SECOND FORMULA The second formula you are referring to is: {Sum of Exactly 2 groups members} . This formula is often written incorrectly on forums as Exactly 2 is no the same as intersection of 2 and can not be written as AnB. Members of exactly (only) A and B is section 3 only (without section 4), so members of A and B only means members of A and B and not C. This is the difference of exactly (only) A and B (which can be written, though not needed for GMAT, as ) from A and B (which can be written as )

Now how this formula is derived?

Again: when we add three groups A, B, and C some sections are counting more than once. For instance: sections 1, 2, and 3 are counted twice and section 4 thrice. Hence we need to subtract sections 1, 2, and 3 ONCE (to get one) and subtract section 4 TWICE (again to count section 4 only once).

When we subtract {Sum of Exactly 2 groups members} from A+B+C we are subtracting sum of sections 1, 2 and 3 once (so that's good) and next we need to subtracr ONLY section 4 () twice. That's it.

Now, how this concept can be represented in GMAT problem?

Example #1: Workers are grouped by their areas of expertise, and are placed on at least one team. 20 are on the marketing team, 30 are on the Sales team, and 40 are on the Vision team. 5 workers are on both the Marketing and Sales teams, 6 workers are on both the Sales and Vision teams, 9 workers are on both the Marketing and Vision teams, and 4 workers are on all three teams. How many workers are there in total?

Translating: "are placed on at least one team": members of none =0; "20 are on the marketing team": M=20; "30 are on the Sales team": S=30; "40 are on the Vision team": V=40; "5 workers are on both the Marketing and Sales teams": MnS=5, note here that some from these 5 can be the members of Vision team as well, MnS is sections 3 an 4 on the diagram (assuming Marketing=A, Sales=B and Vision=C); "6 workers are on both the Sales and Vision teams": SnV=6 (the same as above sections 2 and 4); "9 workers are on both the Marketing and Vision teams": MnV=9. "4 workers are on all three teams": MnSnV=4, section 4.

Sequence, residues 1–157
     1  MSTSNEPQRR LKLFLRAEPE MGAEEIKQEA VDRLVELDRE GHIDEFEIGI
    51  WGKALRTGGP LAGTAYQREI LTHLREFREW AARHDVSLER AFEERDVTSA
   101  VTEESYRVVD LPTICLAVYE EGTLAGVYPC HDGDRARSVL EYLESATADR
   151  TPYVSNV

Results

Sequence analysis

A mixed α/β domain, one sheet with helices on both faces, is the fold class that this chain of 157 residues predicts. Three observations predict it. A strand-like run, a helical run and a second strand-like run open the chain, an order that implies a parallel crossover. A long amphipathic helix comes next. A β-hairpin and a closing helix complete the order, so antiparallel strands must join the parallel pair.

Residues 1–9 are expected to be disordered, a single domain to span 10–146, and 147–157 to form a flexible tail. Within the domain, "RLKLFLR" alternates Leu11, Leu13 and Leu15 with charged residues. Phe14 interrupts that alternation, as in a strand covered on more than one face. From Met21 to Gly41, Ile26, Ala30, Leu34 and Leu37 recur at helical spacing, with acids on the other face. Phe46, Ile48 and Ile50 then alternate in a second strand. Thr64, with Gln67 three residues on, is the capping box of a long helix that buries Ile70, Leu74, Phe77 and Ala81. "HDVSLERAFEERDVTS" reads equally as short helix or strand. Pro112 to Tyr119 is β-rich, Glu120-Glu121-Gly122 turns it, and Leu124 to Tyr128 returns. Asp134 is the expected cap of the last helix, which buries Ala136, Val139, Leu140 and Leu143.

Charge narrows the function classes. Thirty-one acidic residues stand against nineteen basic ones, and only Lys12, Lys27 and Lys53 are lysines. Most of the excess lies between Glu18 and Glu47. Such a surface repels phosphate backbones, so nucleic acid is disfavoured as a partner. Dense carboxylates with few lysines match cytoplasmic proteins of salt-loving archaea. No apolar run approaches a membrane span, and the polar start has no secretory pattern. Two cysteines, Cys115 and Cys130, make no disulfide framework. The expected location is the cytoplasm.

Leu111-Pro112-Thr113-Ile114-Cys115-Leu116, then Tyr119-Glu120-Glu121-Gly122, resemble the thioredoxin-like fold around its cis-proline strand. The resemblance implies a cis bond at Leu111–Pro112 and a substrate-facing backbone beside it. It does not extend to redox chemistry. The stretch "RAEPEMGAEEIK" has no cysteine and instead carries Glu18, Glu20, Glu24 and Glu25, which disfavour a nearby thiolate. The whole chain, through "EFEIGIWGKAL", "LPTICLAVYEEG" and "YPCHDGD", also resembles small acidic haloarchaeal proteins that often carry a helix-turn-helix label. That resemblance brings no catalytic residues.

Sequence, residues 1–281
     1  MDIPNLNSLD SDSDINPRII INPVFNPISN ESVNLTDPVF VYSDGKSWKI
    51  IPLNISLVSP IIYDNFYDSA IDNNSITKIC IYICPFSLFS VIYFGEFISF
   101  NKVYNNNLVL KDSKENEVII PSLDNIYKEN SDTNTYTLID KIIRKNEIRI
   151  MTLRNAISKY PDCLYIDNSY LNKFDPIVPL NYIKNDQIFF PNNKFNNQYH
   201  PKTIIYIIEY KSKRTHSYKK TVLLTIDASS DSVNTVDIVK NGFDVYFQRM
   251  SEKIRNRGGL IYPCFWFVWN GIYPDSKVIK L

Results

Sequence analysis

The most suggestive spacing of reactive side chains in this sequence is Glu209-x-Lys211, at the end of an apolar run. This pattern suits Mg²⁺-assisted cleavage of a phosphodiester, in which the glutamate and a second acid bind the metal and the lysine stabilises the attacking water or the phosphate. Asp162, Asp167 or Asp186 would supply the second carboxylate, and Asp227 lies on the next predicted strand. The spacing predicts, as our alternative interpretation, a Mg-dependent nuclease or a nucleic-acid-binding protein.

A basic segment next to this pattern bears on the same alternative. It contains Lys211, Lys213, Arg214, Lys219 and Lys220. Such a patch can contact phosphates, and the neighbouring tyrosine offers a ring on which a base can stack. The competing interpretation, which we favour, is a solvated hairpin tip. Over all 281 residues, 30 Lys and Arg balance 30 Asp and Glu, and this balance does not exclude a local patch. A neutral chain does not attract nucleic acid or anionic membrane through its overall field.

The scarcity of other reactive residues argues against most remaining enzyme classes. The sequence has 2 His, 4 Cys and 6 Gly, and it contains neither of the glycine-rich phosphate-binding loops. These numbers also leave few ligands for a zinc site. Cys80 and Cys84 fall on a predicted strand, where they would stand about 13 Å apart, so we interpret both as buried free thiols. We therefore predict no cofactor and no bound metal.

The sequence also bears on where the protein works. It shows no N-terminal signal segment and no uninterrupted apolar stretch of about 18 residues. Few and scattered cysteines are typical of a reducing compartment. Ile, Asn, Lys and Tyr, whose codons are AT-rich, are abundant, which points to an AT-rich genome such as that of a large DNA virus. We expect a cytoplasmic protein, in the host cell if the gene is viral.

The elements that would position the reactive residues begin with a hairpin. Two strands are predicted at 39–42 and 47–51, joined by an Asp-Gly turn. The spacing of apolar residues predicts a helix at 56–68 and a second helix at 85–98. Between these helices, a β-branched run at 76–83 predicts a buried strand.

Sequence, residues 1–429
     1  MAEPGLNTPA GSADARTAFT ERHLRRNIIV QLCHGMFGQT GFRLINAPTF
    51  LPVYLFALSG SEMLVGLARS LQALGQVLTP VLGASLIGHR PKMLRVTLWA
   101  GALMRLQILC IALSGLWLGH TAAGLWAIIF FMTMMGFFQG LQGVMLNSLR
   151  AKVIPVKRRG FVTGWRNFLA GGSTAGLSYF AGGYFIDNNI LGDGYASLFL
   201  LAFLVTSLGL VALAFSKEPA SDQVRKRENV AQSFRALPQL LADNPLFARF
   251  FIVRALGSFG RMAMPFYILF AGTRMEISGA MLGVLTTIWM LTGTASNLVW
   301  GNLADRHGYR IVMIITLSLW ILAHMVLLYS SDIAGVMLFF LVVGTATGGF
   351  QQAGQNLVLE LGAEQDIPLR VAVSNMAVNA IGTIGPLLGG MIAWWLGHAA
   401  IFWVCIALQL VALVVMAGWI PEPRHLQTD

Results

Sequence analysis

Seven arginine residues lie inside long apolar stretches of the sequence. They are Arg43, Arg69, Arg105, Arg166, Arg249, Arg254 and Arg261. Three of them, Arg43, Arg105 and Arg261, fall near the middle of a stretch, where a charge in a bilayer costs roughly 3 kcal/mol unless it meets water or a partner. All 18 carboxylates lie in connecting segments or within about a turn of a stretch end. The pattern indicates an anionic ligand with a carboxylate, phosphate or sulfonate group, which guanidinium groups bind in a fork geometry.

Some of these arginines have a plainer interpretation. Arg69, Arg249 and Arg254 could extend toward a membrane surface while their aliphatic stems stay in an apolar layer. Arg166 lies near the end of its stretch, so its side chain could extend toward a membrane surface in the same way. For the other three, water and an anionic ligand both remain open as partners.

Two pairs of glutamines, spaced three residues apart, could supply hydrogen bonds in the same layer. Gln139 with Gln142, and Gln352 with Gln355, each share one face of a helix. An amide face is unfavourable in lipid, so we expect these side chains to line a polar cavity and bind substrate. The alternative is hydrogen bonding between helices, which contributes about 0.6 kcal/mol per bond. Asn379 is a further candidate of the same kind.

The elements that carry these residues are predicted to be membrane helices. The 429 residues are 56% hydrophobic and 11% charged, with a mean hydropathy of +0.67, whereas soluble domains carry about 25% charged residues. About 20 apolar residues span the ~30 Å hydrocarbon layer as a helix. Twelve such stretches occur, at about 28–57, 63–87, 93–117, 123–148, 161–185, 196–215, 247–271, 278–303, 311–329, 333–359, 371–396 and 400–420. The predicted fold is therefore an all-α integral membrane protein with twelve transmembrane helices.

Question: Total=?

Applying first formula as we have intersections of two groups and not the number of only (exactly) 2 group members.

Total = Group1 + Group2 + Group3 - (sum of 2-group overlaps) - 2*(all three) + Neither

I am getting confused with all different formulas and have seen people adding the 2*(all three) rather than substracting....

I'd advise to understand the concept rather than to memorize formulas. Look at the diagram below:

Attachment:

Union_3sets.gif